New research published this month states the inclusion of the Liverpool developed post-bereavement survey to the National Care of the Dying Audit could be a valuable way for hospitals to improve care.
The National Care of the Dying Audit – Hospitals (NCDAH) is a report produced by the Royal College of Physicians which shows need to improve care for people dying in hospitals. It states hospitals should provide a face-to-face specialist palliative care service from at least 9am to 5pm, 7 days per week, to support the care of dying patients and their families, carers or advocates.
The report evaluates the quality of care provided to dying patients and their families in acute hospitals, from the perspective of bereaved relatives.
The ‘Care Of the Dying Evaluation’ (CODE) questionnaire was first developed in 2011 by Dr Catriona Mayland, Honorary Senior Clinical Lecturer at the Marie Curie Palliative Care Institute Liverpool (MCPCIL), University of Liverpool and Consultant in Palliative Medicine at the Royal Liverpool and Broadgreen University Hospitals NHS Trust. The questionnaire was added as an additional component to the 2013/2014 NCDAH.
The research, which has been published by BMJ Supportive and Palliative Care, shows the NCDAH found significant variations in care across hospitals in England and that major improvements need to be made to ensure better care for dying people, and better support for their families, carers, friends and those important to them.
858 bereaved relatives returned a completed CODE questionnaire.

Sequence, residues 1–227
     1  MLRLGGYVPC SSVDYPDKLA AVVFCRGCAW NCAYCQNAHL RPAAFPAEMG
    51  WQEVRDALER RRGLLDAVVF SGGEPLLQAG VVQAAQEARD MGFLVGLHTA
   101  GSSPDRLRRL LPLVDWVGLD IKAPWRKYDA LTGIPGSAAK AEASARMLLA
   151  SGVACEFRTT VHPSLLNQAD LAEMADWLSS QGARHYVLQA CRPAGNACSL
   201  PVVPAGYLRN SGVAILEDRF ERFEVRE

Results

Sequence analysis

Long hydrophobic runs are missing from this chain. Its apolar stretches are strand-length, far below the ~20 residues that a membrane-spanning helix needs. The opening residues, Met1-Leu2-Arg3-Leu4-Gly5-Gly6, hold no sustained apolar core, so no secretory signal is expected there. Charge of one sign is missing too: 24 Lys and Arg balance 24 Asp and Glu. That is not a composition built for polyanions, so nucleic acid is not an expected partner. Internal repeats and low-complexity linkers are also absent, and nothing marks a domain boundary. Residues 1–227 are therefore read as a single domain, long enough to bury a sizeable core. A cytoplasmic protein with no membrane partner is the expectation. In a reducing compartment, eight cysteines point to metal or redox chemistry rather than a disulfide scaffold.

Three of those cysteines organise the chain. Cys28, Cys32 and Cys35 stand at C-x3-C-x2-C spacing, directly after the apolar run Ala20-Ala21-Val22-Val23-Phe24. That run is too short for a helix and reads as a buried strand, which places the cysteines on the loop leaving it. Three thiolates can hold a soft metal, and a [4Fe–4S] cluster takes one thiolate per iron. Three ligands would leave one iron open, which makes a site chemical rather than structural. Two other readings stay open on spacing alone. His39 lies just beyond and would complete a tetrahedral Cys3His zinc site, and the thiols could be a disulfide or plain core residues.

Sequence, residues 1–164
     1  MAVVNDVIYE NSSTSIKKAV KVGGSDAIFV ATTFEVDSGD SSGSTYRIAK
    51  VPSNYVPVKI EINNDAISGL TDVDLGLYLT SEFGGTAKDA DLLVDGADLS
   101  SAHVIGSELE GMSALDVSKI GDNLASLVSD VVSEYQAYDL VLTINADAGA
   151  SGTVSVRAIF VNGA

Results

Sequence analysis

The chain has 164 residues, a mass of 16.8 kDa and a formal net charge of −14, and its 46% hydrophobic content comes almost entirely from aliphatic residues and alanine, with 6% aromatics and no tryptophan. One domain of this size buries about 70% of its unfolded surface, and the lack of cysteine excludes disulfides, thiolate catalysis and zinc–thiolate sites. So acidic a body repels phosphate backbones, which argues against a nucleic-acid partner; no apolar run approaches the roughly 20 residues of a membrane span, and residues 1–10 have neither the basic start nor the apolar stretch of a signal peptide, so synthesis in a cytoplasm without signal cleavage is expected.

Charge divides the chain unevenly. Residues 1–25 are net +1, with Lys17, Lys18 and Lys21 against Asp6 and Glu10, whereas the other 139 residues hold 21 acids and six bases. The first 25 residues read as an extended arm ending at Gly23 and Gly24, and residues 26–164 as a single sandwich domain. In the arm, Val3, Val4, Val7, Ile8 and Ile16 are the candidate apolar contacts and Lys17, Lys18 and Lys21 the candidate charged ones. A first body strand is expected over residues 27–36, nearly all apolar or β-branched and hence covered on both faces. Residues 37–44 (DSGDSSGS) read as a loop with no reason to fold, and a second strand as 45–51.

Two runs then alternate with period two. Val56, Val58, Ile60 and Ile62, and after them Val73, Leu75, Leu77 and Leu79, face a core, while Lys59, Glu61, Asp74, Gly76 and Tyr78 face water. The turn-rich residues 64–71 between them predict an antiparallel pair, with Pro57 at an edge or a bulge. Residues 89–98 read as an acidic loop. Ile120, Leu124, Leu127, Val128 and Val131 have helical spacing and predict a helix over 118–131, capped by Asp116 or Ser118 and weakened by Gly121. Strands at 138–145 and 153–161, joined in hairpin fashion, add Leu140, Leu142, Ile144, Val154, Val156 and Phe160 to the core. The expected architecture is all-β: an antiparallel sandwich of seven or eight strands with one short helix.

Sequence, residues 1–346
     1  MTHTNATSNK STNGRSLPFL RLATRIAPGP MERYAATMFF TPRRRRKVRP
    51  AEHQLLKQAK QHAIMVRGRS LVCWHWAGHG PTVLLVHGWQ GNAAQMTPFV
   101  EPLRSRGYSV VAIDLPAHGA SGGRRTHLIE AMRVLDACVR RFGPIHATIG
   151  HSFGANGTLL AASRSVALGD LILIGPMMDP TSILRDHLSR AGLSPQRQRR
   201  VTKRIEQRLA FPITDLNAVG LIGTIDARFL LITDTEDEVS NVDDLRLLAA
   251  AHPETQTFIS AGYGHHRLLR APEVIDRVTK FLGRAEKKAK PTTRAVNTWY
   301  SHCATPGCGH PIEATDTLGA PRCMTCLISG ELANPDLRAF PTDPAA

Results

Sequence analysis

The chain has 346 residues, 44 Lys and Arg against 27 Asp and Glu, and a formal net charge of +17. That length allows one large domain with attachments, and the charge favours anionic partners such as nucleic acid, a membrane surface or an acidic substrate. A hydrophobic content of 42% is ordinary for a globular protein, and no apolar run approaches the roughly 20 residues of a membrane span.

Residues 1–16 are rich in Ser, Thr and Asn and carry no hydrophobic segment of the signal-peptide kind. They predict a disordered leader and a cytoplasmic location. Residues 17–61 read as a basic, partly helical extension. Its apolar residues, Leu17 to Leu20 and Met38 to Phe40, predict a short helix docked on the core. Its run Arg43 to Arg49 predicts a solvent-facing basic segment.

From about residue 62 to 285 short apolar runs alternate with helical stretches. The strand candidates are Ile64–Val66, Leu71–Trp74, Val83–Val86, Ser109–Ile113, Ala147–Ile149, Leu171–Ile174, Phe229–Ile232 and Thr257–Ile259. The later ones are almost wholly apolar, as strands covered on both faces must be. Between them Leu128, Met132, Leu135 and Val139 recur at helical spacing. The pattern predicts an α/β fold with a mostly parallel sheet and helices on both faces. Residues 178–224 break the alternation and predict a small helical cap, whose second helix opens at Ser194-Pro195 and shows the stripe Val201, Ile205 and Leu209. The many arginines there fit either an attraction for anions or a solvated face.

On the whole, the majority of participants reported good or excellent care, with patients’ symptoms generally perceived to be well controlled and 769 (91%) of participants reporting that either no pain was present or only there ‘some of the time.
However, a small but significant minority perceived poor quality of patient care.
Clear and timely communication was identified as an urgent issue to be addressed, with unmet information needs being a recognised area for improvement, for example, 230 (29%) reporting that having a discussion about hydration would have been beneficial.
The research paper concludes that adopting a post-bereavement survey appears to be a feasible, acceptable and valuable addition to the national audit.
Dr Catriona Mayland, said, “CODE helps us understand the real experiences of bereaved relatives and their loved ones and identify areas that would improve the experience of care for the dying.
This is a significant and helpful addition to an audit of patient documentation for care for the dying, which if continued can make a real contribution to improving quality of care.”
Dr Catriona Mayland and Dr Stephen Mason from MCPCIL have recently been awarded a Wellcome Trust Public Engagement Grant to support public engagement events to further develop CODE.
MCPCIL was formed in 2004 and is a partnership between the University of Liverpool, Marie Curie Cancer Care, and the Royal Liverpool and Broadgreen University Hospitals NHS Trust. The Institute aims to make a real and sustained difference to care at the end of life from bedside to policy, through service innovation and improvement, research and development, and knowledge transfer to inform clinical excellence.
The paper, entitled ‘How well do we currently care for our dying patients in acute hospitals: the views of the bereaved relatives?’, can be accessed online here.
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